Thursday, April 11, 2013
Guest Post - Herrick C. Erickson-Brigl - Divine Tempest Tour
Thank you for having me. This is my second guest post, so let’s get this thing going! I want to talk a bit about religion in my fantasy world today.
Divine politics have always intrigued me. Looking back, I think I remember the interplay between different pantheons more than any other stories: Hera and Zeus, Journey to the West, Loki and Baldur, etc. This really influenced my own storytelling by giving me examples of divine interplay. It always happens in such big picture way, but gods appeared so childlike in their simplistic desires.
So when I started creating the religions for my book, I did not want to stray too far from some fantasy precepts, such as multiple gods with specific purposes. I personally think this is a mainstay that a lot of readers, myself included, have come to love and rely upon to anchor them to a world. I wanted to create a pantheon that was easy to understand, so I made a sixteen-god pantheon, with four gods per an alignment. I thought it was also important to keep an overarching theme of divine politics, too. The conflict had to have long reaching consequences without being too complicated. The last thing I really wanted to touch on was pairing particular gods with specific races.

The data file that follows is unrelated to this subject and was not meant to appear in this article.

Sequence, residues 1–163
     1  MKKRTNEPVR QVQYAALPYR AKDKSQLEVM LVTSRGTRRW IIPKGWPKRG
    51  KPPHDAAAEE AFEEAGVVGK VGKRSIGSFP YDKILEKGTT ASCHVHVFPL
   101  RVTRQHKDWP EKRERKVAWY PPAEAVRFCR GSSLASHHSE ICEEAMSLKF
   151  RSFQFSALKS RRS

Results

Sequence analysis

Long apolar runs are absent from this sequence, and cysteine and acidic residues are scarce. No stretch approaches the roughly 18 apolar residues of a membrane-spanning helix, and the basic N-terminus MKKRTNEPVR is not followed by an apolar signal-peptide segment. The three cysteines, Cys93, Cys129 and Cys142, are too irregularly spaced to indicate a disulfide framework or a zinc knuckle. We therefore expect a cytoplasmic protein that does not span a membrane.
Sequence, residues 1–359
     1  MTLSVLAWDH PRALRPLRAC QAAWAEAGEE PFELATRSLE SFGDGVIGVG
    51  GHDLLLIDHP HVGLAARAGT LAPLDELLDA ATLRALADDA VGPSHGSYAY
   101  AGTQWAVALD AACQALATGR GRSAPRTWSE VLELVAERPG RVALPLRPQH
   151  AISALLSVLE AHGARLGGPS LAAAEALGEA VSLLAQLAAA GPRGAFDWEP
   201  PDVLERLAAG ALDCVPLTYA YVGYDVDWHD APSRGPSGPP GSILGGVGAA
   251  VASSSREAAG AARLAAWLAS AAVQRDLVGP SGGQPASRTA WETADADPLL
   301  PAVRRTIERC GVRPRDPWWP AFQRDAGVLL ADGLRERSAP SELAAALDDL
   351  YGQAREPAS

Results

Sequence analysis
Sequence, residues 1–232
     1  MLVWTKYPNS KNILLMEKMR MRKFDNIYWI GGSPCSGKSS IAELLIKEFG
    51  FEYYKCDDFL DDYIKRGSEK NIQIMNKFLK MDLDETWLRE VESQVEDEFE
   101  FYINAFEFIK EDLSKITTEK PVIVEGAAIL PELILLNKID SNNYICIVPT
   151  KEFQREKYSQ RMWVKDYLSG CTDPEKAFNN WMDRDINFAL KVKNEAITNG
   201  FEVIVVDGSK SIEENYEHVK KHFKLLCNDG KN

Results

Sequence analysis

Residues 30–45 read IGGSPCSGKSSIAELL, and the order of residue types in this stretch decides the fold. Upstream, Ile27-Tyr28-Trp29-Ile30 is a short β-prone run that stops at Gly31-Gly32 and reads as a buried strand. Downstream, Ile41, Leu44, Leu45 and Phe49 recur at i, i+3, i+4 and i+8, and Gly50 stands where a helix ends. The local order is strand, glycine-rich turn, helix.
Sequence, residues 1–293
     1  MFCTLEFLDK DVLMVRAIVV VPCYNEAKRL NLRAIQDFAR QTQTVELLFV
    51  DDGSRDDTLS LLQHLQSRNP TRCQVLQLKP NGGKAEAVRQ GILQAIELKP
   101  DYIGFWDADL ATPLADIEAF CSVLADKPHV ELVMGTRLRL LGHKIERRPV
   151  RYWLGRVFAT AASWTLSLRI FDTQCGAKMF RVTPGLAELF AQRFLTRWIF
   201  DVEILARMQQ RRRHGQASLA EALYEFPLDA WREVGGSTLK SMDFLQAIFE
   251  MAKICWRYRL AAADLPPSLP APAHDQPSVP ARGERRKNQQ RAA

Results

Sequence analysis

Religion is incredibly important to the social structures of different races. The rahlien fire giants worship the Vae’firon, the goddess of betrayal; the anthra worship Syff’ron, the goddess of nature; and the therrans worship any god, but the god Dol’ron is prevalent because he is the patron deity of justice and retribution. That comes into play quite heavily when Dol’ron unleashes a demon on Therra to right an age-old wrong.
The rahliens come to Deiyil to broker a truce with the Anthra. However, the rahlien’s religious propensities make it impossible to trust any pact brokered with them. This is the center of one of the main conflicts in the book. It leads toward the epic conclusion and is a part of the setup for the follow-up book as well.
Penndarius is one of my favorite characters in the book because he is thrust into an impossible situation he never wanted. It is easy to sympathize with him because he does not adhere to any one deity, and yet he becomes a part of this divine whirlwind of intrigue. He tries to make sense of it, something no one in history has been able to do before him. As the saying goes, knowledge is power.
Thank you for reading this guest post. My book is available on Amazon and you can help get the sequel published by pledging to the kickstarter that is going right now! (Both books are available as backer rewards)
Once again, thank you for having me and have an absolutely fantastic day!
Herrick C. Erickson-Brigl
Herrick Erickson-Brigl has been reading fantasy since he first learned to read and writing it nearly as long. While in college, Herrick’s passion for writing culminated in his first novel, entitled *A Scholar’s Journey: The Divine Tempest*. He is currently completing his second book in that series.